Religion & Politics - References are made to the West Bank, the Christian mission takes in all comers, including Muslims. Despite the occasional sermon, neither religion or politics are overtly discussed but are very present in the film. Would you expand on the point you are making?WW: I wanted to make a contemporary film inside America, and let it touch on all the subjects that concerned me, as a European living and working in America, and certainly as somebody who never concealed how much affection I had for this country, and the ideas it represented. I chose not to make a documentary, although that appeared as an option for a moment. I felt I

could handle my concerns better in a fictional story, and I could express my mixed feelings better via two very opposed characters. Telling a story meant refraining from all overt political or religious statements. Im not good at polemics. I rather preferred to have all the topics that the film touches appear in the emotional context in which my two heroes experience and live them. So dont expect any explicit message from my film, but be assured that itll make his point of view very clear. For instance on the issue of religion. With a government representing very openly Christian positions, mixing religious and political matters across the board, instead of separating them as cleanly as possible, like we do in Europe, it was important to me to put the most simple Christian values into a perspective, opposing them to the fundamentalist ideas that govern the present administration.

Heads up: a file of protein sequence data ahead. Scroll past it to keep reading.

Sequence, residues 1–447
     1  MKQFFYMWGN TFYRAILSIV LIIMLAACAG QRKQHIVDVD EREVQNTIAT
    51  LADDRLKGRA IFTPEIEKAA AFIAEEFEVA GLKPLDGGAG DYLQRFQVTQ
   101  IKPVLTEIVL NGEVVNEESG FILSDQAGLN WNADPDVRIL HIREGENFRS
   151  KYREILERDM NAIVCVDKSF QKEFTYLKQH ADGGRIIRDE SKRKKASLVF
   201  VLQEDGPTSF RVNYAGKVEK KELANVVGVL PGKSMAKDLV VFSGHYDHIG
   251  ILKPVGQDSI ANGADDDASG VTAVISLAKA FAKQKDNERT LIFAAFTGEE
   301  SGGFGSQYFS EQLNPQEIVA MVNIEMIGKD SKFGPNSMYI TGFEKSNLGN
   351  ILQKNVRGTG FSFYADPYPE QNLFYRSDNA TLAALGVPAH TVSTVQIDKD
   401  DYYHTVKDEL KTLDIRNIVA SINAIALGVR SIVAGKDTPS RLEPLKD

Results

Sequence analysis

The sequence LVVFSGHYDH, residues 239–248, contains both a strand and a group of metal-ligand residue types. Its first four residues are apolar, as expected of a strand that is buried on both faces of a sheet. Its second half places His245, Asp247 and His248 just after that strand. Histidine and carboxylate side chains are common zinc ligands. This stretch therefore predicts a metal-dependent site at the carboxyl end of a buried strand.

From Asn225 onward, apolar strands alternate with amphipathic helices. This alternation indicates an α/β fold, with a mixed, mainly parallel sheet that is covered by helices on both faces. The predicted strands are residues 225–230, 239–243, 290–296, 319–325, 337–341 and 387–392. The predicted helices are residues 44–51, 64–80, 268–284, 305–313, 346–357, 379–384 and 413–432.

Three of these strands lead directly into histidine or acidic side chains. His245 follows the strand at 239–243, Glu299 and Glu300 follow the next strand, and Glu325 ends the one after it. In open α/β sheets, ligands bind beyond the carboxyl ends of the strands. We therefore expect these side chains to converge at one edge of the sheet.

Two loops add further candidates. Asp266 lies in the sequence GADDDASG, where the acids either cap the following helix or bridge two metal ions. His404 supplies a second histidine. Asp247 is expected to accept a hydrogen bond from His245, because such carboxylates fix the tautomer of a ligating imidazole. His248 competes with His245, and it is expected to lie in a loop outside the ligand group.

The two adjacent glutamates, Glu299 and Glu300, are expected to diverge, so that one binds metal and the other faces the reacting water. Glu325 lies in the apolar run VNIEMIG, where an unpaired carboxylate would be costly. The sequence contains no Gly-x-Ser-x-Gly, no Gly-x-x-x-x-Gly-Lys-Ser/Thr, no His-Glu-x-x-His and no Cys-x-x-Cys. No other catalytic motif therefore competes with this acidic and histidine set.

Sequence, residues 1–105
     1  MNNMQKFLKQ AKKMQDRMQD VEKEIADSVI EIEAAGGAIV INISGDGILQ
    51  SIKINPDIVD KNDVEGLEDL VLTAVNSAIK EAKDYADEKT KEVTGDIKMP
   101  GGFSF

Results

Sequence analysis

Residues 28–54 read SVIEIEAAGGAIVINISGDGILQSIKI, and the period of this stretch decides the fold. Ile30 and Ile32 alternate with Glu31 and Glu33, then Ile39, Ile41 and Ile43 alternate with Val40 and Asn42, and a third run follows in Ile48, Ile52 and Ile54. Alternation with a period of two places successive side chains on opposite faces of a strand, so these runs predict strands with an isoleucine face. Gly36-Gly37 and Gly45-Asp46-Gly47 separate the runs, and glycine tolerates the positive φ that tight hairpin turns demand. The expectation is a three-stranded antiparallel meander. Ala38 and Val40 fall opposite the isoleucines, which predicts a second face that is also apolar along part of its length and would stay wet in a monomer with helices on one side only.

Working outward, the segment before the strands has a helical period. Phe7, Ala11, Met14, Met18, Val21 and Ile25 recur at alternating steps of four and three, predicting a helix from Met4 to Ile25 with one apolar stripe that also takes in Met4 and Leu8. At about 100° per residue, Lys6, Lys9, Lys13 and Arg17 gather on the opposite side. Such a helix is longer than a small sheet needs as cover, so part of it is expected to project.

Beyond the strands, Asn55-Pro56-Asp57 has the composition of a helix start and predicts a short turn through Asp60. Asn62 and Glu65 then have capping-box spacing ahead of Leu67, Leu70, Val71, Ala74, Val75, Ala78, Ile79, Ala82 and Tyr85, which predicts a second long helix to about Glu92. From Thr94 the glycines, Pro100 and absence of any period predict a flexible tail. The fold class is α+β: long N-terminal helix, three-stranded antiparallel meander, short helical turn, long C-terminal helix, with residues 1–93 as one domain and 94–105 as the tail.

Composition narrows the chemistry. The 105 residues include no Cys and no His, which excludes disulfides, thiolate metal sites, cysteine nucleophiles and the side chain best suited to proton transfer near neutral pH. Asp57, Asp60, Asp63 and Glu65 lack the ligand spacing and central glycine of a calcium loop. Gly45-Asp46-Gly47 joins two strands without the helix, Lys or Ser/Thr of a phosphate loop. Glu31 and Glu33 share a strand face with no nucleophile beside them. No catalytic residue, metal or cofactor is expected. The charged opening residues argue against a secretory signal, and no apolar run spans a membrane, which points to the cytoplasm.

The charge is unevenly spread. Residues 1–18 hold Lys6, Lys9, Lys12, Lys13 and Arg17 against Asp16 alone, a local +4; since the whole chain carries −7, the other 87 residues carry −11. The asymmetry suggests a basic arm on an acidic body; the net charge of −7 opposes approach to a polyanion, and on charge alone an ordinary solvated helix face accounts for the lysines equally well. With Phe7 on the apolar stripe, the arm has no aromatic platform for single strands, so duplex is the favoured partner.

Did you use real homeless people/a real mission?WW: We visited most of the homeless missions downtown, realizing they all were on their own busy agenda, all hopelessly overcrowded. Shooting a film there would have handicapped their work. So we had to create our own mission, and be able to shoot there without disturbing work that was existential for many people. We did employ a lot of locals, of course, and tried to be as respectful as possible to the homeless population in the areas we shot it.